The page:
Starships and stargates were the merest science fiction until 1988. In 1988 the issue of rapid spacetime transport became part of serious science when Kip Thorne and some of his graduate students posed the question: What restriction does general relativity theory (GRT) place on the activities of arbitrarily advanced aliens who putatively travel immense distances in essentially no time at all? The question was famously instigated by Carl Sagan’s request that Thorne vet his novel Contact, where travel to and from the center of the galaxy (more than 20,000 light years distant) is accomplished in almost no time at all. Thorne’s answer was wormholes – spacetime distortions that connect arbitrarily distant events through a tunnel-like structure in hyperspace – held open by “exotic” matter. Exotic matter is self-repulsive, and for the aforementioned “absurdly benign” wormholes, this stuff must have negative restmass. Not only does the restmass have to be negative, to make a wormhole large enough to be traversable, you need a Jupiter mass (2 X 1027 kg) of the stuff. This is almost exactly one one thousandth of the mass of the Sun and hundreds of times the mass of the Earth. In your livingroom, or on your patio. Warp drives, in this connection at least, are no better than wormholes. Miguel Alcubierre, in 1994, wrote out the “metric” for a warp drive; and it too places the same exotic matter requirement on would be builders.

Long before Thorne and Alcubierre laid out the requirements of GRT for rapid spacetime transport, it was obvious that finding a way to manipulate gravity and inertia was prerequisite to any scheme that hoped to approach, much less vastly surpass the speed of light. Indeed, in the late 1950s and early 1960s the US Air Force sponsored research in gravitational physics at Wright Field in Ohio. As a purely academic exercise, the Air Force could have cared less about GRT. Evidently, they hoped that such research might lead to insights that would prove of practical value. It seems that such hopes were not realized.

If you read through the serious scientific literature of the 20th century, until Thorne’s work in the late ‘80s at any rate, you will find almost nothing ostensibly relating to rapid spacetime transport. The crackpot literature of this era, however, is replete with all sorts of wild claims and deeply dubious schemes, none of which are accompanied by anything resembling serious science. But the serious (peer reviewed) scientific literature is not devoid of anything of interest.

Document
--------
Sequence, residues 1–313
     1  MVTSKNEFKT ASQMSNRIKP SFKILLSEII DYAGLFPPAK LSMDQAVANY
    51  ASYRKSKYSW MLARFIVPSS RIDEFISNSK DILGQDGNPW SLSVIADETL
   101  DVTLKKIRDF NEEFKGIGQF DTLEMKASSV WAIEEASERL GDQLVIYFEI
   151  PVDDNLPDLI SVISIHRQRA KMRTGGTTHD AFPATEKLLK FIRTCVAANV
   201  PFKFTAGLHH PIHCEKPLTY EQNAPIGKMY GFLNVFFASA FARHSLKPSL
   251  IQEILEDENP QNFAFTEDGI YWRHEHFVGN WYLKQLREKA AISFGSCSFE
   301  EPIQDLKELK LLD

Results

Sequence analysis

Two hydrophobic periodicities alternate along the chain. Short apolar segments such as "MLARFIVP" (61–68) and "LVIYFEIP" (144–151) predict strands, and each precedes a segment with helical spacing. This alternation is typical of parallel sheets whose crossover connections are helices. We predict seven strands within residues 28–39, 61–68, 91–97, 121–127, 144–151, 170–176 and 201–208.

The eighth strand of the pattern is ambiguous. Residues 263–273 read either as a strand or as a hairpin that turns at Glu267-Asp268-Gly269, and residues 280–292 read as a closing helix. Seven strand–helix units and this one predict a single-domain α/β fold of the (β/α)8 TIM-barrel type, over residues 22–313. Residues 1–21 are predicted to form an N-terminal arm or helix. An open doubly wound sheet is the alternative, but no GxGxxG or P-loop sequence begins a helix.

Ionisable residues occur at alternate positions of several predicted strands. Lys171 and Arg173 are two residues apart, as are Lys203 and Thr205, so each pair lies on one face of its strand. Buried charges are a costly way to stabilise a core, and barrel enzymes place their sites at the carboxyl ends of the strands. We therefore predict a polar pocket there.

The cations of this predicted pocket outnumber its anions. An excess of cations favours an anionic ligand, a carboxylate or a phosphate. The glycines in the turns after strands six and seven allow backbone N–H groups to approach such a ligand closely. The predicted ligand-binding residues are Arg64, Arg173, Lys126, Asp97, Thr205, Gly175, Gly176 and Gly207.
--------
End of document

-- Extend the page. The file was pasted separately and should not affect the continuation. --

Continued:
If you hope to manipulate gravity and inertia to the end of rapid spacetime transport, the “obvious conjecture” is that you need a way to get some purchase on gravity and inertia. Standard physics, embodied in the field equations of Einstein (GRT) and Maxwell (electrodynamics), seems to preclude such a possibility. So that “obvious conjecture” suggests that some “coupling” beyond that contained in the Einstein-Maxwell equations needs to be found. And if we are lucky, such a coupling, when found, will lead to a way to do the desired manipulations. As it turns out, there are at least two instances of such proposed couplings advanced by physicists of impeccable credentials. The first was made by Michael Faraday – arguably the pre-eminent experimental physicist of all time – in the 1840s. He wanted to kill the action-at-a-distance character of Newtonian gravity (that is, its purported instantaneous propagation) by inductively coupling it to electromagnetism (which he had successfully shown to not be an action-at-a-distance interaction by demonstrating the inductive coupling of electricity and magnetism). He did experiments intended to reveal such coupling. He failed.

The second proposal was first made by Arthur Schuster (President of the Royal Society in the 1890s) and later Patrick M.S. Blackett (1947 Nobel laureate for physics). They speculated that planetary and stellar magnetic fields might be generated by the rotational motion of the matter that makes them up. That is, electrically neutral matter in rotation might generate a magnetic field. Maxwell’s electrodynamics, of course, makes no such prediction. There were other proposals. In the 1930s and ‘40s Wolfgang Pauli and then Erwin Schrodinger constructed five-dimensional “unified” field theories of gravity and electromagnetism that predicted small coupling effects not present in the Einstein-Maxwell equations. But the Schuster-Blackett conjecture is more promising as the effects there are much larger – large enough for experimental investigation. And George Luchak, a Canadian graduate student (at the time), had written down a set of coupled field equations for Blackett’s proposal.